In the 2017 USDA agriculture census, the most recent count, there were 656 farms in El Paso County with a $46.7 million market share of products sold. The top crops were grains and cotton, and floriculture had no county-level data.
“There aren’t many flower farms in this area,” Lillian Calhoun said. “Every zone and every plot of land is different, so flowers will react differently.”
Nationally, Texas has the most number of farms, with over 12% located in the state. Agriculture made up about 6% of Texas’ economy in 2019, according to the Comptroller’s Office. Cattle is by far the largest and strongest agricultural product from the state.
Agriculture is an important part of New Mexico’s economy. In Doña Ana County alone, there are 1,946 farms, according to the 2017 agricultural census. The value of products sold topped $370 million.
The average size of most farms in Doña Ana County is about 270 acres, surpassing Calhoun’s land by about 252 acres. But very few of those large farms grow the output of flowers found at Calhoun.
“We account for 20% to 30% loss of any flower, but we’re okay with that,” Susannah Calhoun said. “We have the freshest product.”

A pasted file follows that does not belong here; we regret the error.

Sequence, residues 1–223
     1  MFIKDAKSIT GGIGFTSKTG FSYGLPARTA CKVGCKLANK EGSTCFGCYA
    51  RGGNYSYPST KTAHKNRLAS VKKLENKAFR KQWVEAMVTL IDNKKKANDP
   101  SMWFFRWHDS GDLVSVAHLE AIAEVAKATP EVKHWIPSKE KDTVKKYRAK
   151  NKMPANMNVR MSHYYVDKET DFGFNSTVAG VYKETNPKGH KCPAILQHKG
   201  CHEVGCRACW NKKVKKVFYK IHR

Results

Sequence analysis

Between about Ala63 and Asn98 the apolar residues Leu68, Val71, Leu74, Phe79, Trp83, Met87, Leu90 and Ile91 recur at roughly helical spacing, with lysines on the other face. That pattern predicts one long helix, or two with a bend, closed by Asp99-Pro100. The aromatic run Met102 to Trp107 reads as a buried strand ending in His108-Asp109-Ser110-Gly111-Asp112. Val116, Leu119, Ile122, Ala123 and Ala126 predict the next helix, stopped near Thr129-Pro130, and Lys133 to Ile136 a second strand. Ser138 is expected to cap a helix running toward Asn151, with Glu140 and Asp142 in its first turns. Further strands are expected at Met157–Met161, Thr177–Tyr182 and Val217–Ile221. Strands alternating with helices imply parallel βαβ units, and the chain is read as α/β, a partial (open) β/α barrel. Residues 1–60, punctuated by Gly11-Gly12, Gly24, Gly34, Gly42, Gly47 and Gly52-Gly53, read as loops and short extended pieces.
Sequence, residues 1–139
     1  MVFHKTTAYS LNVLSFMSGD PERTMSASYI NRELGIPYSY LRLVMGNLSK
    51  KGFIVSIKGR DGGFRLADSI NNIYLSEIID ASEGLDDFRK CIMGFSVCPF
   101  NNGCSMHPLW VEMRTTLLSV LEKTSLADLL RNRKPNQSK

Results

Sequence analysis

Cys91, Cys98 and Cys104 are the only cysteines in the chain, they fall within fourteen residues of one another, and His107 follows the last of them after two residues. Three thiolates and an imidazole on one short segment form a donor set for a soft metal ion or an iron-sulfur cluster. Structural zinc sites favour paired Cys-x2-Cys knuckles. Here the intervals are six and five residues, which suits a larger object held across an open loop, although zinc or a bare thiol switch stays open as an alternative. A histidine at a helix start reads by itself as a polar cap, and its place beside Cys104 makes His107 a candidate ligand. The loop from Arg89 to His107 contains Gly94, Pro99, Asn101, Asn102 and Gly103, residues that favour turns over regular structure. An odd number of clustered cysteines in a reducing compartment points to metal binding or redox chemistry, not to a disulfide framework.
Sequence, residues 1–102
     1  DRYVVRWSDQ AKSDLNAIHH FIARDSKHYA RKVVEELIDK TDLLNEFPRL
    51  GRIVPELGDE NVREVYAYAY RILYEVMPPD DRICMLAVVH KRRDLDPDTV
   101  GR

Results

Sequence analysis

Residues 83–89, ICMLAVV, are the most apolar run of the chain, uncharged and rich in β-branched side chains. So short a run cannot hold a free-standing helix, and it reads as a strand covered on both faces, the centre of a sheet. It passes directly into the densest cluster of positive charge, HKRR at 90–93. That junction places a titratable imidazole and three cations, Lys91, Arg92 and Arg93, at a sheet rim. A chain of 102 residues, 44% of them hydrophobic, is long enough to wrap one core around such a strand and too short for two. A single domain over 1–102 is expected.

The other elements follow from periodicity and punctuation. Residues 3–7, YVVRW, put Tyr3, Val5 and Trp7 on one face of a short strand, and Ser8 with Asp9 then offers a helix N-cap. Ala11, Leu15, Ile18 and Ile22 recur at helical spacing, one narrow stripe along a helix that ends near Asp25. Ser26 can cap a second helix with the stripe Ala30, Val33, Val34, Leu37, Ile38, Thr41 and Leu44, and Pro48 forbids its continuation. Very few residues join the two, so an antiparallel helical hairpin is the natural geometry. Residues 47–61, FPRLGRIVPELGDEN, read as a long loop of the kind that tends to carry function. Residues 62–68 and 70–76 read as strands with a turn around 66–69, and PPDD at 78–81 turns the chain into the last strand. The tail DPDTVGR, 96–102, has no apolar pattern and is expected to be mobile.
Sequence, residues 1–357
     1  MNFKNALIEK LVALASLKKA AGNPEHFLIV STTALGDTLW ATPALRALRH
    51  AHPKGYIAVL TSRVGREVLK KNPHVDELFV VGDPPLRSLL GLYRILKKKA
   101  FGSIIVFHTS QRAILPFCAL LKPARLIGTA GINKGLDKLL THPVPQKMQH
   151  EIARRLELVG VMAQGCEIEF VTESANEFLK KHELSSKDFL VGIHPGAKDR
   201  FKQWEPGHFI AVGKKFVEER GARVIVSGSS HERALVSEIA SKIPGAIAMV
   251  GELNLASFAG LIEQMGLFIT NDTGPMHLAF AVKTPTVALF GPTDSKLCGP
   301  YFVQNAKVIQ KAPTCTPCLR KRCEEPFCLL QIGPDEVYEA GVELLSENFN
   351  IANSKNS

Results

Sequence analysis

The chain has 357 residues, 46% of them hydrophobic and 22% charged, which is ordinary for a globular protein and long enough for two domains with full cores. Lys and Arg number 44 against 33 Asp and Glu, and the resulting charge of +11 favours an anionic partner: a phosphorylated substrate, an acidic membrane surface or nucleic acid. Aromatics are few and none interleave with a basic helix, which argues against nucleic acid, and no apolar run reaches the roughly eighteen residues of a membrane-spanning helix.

Even with that loss, there’s enough to carry the business through the blooming season and more. Susannah Calhoun said the flower farm has been an experiment in trial and error and is a constant learning process.
“I think when you farm, the more efficient you get you should be able to grow more or just as much on less,” she said. “It’s about becoming an efficient small farmer. We can compete with industrial farms over 100 acres.”
During the winter, the team takes stock of what worked that growing season, or what didn’t, or what practices could be tweaked. They also stock up on dried products and harvest seeds and bulbs for the following year.
“We’ve treated it as an experiment and as a way to learn more about how to grow flowers here for the next generation of flower farmers to come,” Lillian Calhoun said.
Including lavender, the Calhouns gravitate toward flowers that will thrive in the region’s zones – dominantly 8a and 8b. Like other farmers in the region, the Calhouns are highly conscious of water.
“We’re in the desert, we have to use things that are water efficient or we’re not going to be here much longer,” Susannah Calhoun said.
The Calhoun team knows everything about flowers because they’re there for every step of the process. They know the right time to harvest a sunflower, they know fleabane looks different from chamomile, they know that lavender seeds are tiny and difficult to harvest.
“It’s been really wonderful to have a space to truly allow people to dig into the earth and get their hands dirty, to be able to get here before the sun rises, and see that moment and see our work – from us collecting the seed, planting it, and see it grow from sprout to bloom,” Lillian Calhoun said. “Sometimes we’re lucky and get to see it handed off to the person who receives it. That part is incredibly rewarding, to see that physical manifestation of our work.”